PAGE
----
One resource that many overlook, but which provides some truly excellent content, is the various blogs written by Christian apologists.  With the ability to subscribe to the information being posted within the blogging community, this category of resources is almost like receiving free apologetics-related emails every day.

In this post, I’m going to I’ll introduce you to the tool I use to keep track of these blogs, and then I’ll list a number of the blogs I personally follow (which is certainly not all of them).

Blogging Tools

There are many different readers that are available for you to use for free to help you keep track of the blogs you want to follow.  These include such tools as the following:

  • Google Reader
  • NewsGator
  • FeedDemon 

Depending on your preference, you can select one of these tools and use it to set up news feeds of the blogs that interest you.  As new blog posts are released, your chosen reader will update automatically so that you can keep track of the latest from your chosen sites.


The tool I use is FeedDemon (the latest version allows synchronization with Google Reader).  It’s free, quick to download, and easy to use. 

The download site for FeedDemon is:


The Blogs

First, let me recommend a new group that’s recently been started called the Christian Apologetics Alliance.  It’s a collection of blogs by Christian apologists, and it’s growing all the time.  As a single source to locate blogs devoted to Christian apologetics and theology, this is a great place to start.

Beyond this group, of which my blog is a part, there are some excellent blogs that everyone should be following on a regular basis.  As always, it’s impossible to list every blog out there and there are undoubtedly excellent ones I’m not even aware of.  The ones below are sort of a top-10 list of the blogs that I consider essentials for anyone beginning to study apologetics:

  1. Apologetics 315 – This is probably the most complete source of apologetics material on the internet.  The owner of this site puts out daily updates, including podcasts, articles, quotes, and valuable links of all sorts.  If you only go to one blog site, this is the one for you.  I can’t say enough good things about it.
  2. Parchment & Pen – This blog is by the folks over at Credo House that bring you the Theology Program, and as such it’s focused more on theology than apologetics.  But given that doing apologetics requires a deep understanding of theology, I consider this blog to be essential reading.
  3. J.P. Moreland’s Blog – While this site doesn’t (yet) contain as much content as some others will, J.P. Moreland is one of the leading Christian Apologists in the field today.  As such, when he speaks it’s always beneficial to listen.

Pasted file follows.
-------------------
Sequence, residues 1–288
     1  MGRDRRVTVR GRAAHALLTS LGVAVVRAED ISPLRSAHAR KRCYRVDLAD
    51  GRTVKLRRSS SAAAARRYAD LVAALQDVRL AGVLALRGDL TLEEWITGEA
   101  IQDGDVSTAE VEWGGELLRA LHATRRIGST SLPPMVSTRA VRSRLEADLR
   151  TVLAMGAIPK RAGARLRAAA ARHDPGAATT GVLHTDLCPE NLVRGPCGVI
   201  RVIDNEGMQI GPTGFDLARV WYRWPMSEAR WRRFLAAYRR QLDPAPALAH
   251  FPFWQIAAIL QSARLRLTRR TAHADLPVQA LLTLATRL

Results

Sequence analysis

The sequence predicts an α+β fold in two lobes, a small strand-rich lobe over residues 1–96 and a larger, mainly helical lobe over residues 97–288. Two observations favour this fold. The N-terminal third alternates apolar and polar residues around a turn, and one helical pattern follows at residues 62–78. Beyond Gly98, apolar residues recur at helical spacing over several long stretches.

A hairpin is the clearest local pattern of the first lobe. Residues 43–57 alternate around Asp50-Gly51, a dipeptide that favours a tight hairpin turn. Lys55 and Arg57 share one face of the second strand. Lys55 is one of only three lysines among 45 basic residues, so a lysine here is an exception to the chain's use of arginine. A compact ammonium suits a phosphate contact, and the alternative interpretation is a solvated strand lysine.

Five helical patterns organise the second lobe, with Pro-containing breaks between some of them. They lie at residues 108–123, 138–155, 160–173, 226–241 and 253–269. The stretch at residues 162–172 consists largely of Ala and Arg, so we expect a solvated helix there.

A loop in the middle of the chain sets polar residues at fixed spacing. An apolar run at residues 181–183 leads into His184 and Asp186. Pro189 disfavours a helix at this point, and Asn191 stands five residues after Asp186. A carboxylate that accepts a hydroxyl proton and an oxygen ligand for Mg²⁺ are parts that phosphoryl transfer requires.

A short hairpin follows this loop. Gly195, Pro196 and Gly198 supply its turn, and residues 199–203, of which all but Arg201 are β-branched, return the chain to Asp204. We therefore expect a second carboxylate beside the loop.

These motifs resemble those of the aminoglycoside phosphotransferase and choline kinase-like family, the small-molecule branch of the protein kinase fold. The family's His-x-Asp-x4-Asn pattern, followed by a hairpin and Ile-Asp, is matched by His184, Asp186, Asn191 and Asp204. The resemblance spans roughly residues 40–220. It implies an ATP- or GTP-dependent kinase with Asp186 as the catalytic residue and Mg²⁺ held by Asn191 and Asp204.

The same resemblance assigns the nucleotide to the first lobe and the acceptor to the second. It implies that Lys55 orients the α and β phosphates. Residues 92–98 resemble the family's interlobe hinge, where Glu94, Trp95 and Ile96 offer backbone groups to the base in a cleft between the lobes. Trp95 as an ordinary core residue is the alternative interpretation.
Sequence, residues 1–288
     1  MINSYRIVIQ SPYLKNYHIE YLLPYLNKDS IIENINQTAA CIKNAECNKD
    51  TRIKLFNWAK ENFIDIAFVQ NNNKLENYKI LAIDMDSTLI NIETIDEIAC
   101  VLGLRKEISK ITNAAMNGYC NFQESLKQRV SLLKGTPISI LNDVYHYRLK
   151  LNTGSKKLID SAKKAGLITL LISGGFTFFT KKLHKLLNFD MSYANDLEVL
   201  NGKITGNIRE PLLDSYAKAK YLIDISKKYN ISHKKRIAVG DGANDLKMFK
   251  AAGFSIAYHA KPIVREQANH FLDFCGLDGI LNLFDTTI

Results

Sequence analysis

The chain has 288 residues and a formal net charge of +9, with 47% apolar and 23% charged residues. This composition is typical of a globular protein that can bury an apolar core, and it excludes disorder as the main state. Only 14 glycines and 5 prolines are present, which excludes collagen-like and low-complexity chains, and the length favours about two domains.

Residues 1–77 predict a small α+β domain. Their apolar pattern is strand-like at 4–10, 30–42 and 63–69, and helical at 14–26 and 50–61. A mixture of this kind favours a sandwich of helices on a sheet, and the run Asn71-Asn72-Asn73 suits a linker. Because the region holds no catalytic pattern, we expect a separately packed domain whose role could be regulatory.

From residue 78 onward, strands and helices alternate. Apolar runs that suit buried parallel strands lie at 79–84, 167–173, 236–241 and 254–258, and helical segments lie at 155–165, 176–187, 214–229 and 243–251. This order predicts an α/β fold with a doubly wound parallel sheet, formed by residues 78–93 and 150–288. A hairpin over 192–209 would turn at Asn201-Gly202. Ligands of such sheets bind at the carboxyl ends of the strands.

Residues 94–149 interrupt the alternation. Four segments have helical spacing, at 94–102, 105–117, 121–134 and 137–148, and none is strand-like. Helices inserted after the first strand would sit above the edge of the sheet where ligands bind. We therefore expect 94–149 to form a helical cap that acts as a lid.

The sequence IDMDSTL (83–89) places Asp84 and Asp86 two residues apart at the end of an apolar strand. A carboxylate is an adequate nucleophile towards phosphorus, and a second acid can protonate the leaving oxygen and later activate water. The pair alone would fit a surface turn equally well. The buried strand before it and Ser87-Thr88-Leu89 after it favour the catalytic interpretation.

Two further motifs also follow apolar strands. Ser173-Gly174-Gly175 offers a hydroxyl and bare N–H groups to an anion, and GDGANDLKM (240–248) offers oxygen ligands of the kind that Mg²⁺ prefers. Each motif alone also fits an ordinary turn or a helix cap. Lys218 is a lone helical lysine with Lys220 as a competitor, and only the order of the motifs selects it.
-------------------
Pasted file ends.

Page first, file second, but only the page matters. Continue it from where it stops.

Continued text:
4. William Lane Craig’s Weekly Q&A – For those of you who are unfamiliar with William Lane Craig, he is perhaps the leading Christian apologist working today.  His site Reasonable Faith is a virtual warehouse of information, all related to his ministry.  Though Dr. Craig doesn’t write a standard blog, he does allow his members to send in questions, and each week he chooses a particular question to answer.  He archives them so you can read every questions to which he’s responded, and in many (most?) cases you can find the questions you’re grappling with already dealt with.
  5. Stand to Reason – This blog is part of Greg Koukl’s “Stand to Reason” ministry.  This ministry is one of the most influential groups working in Christian apologetics today.  As a published author and lecturer, Greg also hosts a weekly radio call-in show that is available either online or via podcast.  He is very influential in training new apologists in not only what to say, but how to say it.
  6. Edward Feser’s Blog – This blog may surprise some, since Feser is not regularly listed among the top apologetics websites.  I admit that I found Feser by accident when I picked up his book “Introduction to the Philosophy of Mind”.  I wasn’t aware he was a Christian, but as I read the book it became obvious that this was his orientation.  After finishing that book, I checked up on him and found that he’s written a number of other books (including an excellent apologetics book called “The Last Superstition”) and also manages a very informative blog.  Especially if you’re interested in a philosopher’s view of things, this is a great blog to check out.
  7. Stephen C. Meyer’s Blog – I include this blog because Meyer is one of the leaders in the Intelligent Design movement, and his thoughts in this area should be something that any Christian interested in ID should be aware of.  If you’re not interested in Intelligent Design, or you don’t understand it, I’d encourage you to check out Meyer’s book “Signature in the Cell” before you make your final decision.
  8. Reasons to Believe Blogs – this is a family of blogs made available by Hugh Ross’ Reasons to Believe organization.  Focusing on how science and Christianity are partners rather than enemies, these blogs do a good job of addressing various science-related topics from the perspective of the Christian Worldview.